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On Thursday, March 20, in Wells Theater at Trine University the mayor of her town, the honorable Richard Hickman, presented Lou Ann with "The Mayor's Arts & Humanities Award for Substantial & Long-term Contributions to the Cultural Life of the Angola Area."
Mayor Hickman, Lou Ann & Her Award















Lou Ann was excited, and honored by the recognition (somehow all of her family & friends managed to keep the award a secret until the hour of the presentation). In accepting the award Lou Ann shared her approach to life. “You do things you love," she said. "I tell my students, ‘passion, passion, passion.’”

Congratulations, Lou Ann!

And be sure to look for Lou Ann this summer as she brings her talents and her enthusiasm for art, the humanities, and history to Ocracoke Island. We are honored to have her as a valuable member of our community also.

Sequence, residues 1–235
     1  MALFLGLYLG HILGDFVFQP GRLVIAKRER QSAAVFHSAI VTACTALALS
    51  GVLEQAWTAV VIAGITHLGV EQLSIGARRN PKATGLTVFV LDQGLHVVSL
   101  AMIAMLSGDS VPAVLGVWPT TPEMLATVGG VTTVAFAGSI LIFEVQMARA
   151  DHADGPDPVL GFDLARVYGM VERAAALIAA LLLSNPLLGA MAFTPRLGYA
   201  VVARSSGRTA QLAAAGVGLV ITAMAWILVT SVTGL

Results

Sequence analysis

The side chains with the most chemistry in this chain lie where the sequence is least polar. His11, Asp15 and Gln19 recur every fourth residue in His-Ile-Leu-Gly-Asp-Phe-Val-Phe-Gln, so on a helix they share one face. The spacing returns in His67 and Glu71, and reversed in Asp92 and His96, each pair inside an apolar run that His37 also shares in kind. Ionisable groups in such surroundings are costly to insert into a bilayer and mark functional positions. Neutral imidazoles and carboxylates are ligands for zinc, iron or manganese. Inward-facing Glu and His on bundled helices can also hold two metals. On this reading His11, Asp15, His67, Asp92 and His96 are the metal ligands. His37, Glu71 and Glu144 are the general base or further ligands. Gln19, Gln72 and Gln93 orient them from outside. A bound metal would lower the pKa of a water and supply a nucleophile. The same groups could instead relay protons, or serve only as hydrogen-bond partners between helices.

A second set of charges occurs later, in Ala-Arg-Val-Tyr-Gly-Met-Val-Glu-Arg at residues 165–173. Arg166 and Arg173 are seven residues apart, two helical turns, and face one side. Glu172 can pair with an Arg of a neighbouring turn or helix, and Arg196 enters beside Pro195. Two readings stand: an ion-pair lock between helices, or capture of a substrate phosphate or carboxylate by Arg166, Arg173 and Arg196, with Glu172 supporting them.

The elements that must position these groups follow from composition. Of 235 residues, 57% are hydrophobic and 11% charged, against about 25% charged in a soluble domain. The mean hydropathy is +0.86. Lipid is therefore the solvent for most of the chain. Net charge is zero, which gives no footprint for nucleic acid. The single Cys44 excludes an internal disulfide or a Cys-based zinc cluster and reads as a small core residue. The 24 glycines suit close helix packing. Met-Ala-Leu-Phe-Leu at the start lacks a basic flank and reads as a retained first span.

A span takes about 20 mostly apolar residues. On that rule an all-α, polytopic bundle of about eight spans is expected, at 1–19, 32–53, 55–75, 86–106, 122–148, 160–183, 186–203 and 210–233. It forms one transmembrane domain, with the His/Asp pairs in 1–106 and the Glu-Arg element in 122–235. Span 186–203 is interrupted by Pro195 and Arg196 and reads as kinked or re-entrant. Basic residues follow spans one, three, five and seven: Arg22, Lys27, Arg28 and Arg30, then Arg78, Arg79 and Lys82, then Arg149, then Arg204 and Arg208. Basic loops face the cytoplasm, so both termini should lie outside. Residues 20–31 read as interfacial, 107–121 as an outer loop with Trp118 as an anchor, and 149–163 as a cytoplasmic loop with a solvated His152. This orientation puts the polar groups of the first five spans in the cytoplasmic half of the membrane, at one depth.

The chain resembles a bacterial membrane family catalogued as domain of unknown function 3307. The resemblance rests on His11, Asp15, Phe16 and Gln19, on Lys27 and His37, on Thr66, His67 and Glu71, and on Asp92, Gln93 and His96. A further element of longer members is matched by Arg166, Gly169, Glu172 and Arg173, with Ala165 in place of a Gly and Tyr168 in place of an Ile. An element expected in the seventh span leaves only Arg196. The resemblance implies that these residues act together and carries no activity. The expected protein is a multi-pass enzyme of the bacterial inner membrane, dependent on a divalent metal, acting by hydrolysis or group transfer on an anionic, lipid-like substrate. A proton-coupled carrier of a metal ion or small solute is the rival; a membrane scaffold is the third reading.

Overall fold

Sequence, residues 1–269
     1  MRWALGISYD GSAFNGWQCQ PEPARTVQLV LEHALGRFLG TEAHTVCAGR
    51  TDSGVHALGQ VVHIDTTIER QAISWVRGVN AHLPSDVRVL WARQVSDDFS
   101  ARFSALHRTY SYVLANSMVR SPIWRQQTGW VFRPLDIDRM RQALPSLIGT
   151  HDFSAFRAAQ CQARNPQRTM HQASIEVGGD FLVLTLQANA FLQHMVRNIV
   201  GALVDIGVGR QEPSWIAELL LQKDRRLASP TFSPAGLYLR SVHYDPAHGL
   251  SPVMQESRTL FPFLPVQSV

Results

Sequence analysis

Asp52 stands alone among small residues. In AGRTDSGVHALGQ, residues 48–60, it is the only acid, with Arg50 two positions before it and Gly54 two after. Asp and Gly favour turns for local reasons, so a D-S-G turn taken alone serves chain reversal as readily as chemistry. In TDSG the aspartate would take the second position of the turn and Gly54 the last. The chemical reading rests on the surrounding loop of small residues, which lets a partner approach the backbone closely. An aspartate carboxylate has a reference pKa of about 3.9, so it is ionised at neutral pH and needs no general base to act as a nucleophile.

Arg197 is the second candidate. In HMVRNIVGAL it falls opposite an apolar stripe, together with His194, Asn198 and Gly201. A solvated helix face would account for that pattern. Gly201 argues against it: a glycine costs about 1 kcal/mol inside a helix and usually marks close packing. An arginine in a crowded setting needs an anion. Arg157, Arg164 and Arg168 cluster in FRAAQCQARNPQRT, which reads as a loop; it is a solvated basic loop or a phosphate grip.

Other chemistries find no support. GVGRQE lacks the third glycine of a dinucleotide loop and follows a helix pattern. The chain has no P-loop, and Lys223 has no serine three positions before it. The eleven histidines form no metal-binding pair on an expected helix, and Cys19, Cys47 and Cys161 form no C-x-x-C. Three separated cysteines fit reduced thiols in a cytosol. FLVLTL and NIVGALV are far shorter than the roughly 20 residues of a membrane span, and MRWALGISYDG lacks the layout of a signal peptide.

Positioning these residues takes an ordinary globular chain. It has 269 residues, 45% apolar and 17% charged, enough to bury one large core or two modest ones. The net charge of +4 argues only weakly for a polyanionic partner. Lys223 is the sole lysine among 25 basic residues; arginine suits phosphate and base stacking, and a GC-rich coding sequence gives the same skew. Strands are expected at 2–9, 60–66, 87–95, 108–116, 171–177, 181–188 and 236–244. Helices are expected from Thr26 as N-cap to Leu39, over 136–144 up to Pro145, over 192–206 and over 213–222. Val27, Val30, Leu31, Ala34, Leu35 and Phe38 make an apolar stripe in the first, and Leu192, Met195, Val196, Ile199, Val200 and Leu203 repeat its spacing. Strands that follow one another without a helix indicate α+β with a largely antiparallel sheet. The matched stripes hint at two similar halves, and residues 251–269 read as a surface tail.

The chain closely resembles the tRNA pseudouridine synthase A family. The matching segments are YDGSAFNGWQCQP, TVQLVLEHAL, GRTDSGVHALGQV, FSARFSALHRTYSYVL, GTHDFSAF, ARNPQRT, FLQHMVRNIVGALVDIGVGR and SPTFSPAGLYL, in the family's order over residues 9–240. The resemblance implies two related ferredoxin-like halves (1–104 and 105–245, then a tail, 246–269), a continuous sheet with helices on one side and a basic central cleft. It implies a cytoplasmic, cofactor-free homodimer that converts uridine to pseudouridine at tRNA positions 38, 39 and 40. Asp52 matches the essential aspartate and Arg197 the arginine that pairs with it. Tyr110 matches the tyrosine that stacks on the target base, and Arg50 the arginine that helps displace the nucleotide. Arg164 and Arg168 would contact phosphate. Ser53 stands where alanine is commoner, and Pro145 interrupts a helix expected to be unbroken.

Our latest Newsletter is a reprint of a 1948 newspaper article about the Mail Boat Aleta. You can read it here: http://www.villagecraftsmen.com/news032114.htm.
Categories: Outer Banks Blogs

Dolphins

Ocracoke Island Journal - Sat, 03/22/2014 - 05:09
I went to Portsmouth Island a couple of weeks ago with Dick & Cheri, friends from Concord, NC. On the way over we encountered several pods of dolphins. Dick made a video, and pulled a few still shots for me to share with our readers. It is always a treat to see dolphins in Pamlico Sound.
















Out latest Ocracoke Newsletter is a reprint of a 1948 article about the Mail Boat Aleta, "Boat Hauls Mail, More." You can read it here: http://www.villagecraftsmen.com/news032114.htm.
Categories: Outer Banks Blogs

Mail Boat Aleta

Ocracoke Island Journal - Fri, 03/21/2014 - 04:29